Published experimental, thermodynamic, and other geochemical data on H2O-bearing silicic melts are used to obtain relationships which show that: (1) the rate of exsolution of H2O (vesiculation) from silicic magmas that contain more than a few tenths of 1 wt percent H2O is sufficiently rapid to contribute to the explosivity of pyroclastic eruptions; (2) the exsplution of only a few tenths of 1 percent H2O from a typical rhyolitic magma by the second boiling reaction—H2O-saturated melt crystals + H2O vapor releases sufficient mechanical energy (ΡΔV work of expansion)—to cause tensional fracture failure of wall rocks at pressures corresponding to ocean depths of at least 10 km; (3) the ΡΔV energy released by the exsolution of additional H2O, as a result of decompression following Wall-rock failure, is fully adequate to produce pyroclastic eruptions, even at these great ocean depths; (4) the crystallinity and vesicularity of the juvenile pyroclasts of the tuff units that host and underlie the Kuroko ores in the Hokuroku district of Japan are consistent with their having been erupted onto the sea floor at an ocean depth of 3.5 ± 0.5 km, from a magma chamber situated 1.1 ± 0.3 km beneath the sea floor; and (5) the submarine caldera model of Ohmoto (1978) for the formation of volcanogenic massive sulfide deposits appears, therefore, to be viable, at least for the deposits in the Hokuroku district. Application of these same relationships to the 1980 eruption of Mount St. Helens suggests that the March through May 18, 1980, eruptive sequence, including the intrusion of magma into the northern bulge and the landslide-triggering earthquake, was initiated by the second boiling reaction at a snbstantial depth beneath the summit. Furthermore, the devastating blast conld have been, but probably was not, cansed entirely by the virtually instantaneons exsolution of H2O from a higher level magma upon sudden decompression that accompanied the landslide.
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This paper consists of three parts. The first is an overview of the geologic history of the Green Tuff region where all Kuroko deposits occur. The second part presents a description of the stratigraphy and an interpretation of the structural and igneous history of the Hokuroku district, the most important Kuroko mining district. The third part is an analysis of the role of submarine calderas in Kuroko genesis.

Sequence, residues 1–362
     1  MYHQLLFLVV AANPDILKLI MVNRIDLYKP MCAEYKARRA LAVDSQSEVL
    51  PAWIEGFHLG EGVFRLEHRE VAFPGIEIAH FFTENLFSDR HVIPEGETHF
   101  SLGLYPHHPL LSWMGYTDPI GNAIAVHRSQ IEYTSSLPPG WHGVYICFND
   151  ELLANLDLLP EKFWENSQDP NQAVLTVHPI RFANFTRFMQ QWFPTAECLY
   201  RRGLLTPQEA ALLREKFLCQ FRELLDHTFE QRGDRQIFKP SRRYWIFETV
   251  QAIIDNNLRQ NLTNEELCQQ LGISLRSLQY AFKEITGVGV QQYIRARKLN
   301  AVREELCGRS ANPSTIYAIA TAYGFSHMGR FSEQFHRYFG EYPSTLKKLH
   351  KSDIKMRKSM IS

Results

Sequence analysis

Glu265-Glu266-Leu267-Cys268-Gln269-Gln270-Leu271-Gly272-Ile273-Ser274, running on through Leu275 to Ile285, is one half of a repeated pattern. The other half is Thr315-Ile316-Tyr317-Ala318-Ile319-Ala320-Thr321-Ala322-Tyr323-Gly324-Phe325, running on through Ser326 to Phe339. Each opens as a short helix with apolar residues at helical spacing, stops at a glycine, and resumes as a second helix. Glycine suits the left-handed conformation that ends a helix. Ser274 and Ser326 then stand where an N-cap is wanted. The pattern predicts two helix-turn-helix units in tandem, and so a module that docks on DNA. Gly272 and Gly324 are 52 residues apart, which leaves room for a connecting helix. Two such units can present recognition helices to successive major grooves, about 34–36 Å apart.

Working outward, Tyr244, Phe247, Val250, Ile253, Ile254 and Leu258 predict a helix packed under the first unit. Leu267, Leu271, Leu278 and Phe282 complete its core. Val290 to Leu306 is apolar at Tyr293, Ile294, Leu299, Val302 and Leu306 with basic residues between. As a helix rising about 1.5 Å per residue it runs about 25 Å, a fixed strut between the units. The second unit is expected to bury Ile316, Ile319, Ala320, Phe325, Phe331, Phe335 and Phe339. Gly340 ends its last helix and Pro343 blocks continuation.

The sequence and causes of the major geologic events that have occurred in Japan and its vicinity since the Cretaceous are interpreted as follows: (1) an active but shallow-dipping north-northwestward subduction of the Pacific plate under the Asian continent during a period from approximately 130 to 65 m.y. ago resulted in ilmenite series magmatism in the outer zone of Japan, then still a part of mainland Asia; (2) about 65 to 40 m.y. ago, the direction of the subducted Pacific plate changed to westward and the angle of subduction steepened, initiating back-arc spreading in the Japan basin province and migration of Japan away from the Asian mainland until about 30 m.y. ago; (3) during the period 65 to 30 m.y. ago, the basaltic crust created in the Japan basin province was subducted eastward under the Yamato Ridge province, resulting in calc-alkaline and magnetite series igneous activity in the inner zone of Japan; (4) about 25 m.y. ago, the first sea (proto-Japan Sea) was formed in the Japan basin province as a result of the eustatic rise of the sea following cessation of spreading there about 30 m.y. ago; (5) back-arc spreading was active in the Yamato basin province during the period between 25 and 5 m.y. ago, cansing bimodal volcanism and subsidence in the flanking Inner Honshu and Yamato Ridge provinces [the Hokuroku basin (i.e., a Kuroko-bearing basin), Niigata oil field basin, and Akita oil field basin were all fault-bounded, deep (>2,500 m) marine basins created by rapid subsidence of crustal blocks within a few million years around 17 m.y. ago, although Kuroko mineralization and the accumulation of organic matter were not synchronous]; and (6) the dip of the subducted Pacific plate returned to a shallow angle about 5 m.y. ago, causing the cessation of back-arc spreading and the initiation of subsidence of the Yamato basin province and uplift of the flanking Inner Japan and Yamato Ridge provinces. The Green Tuff activity is, therefore, synonymous with the tectonic and igneous activity that accompanied the formation of the Japan Sea and the Japanese islands during the period from ~65 m.y. ago to the present.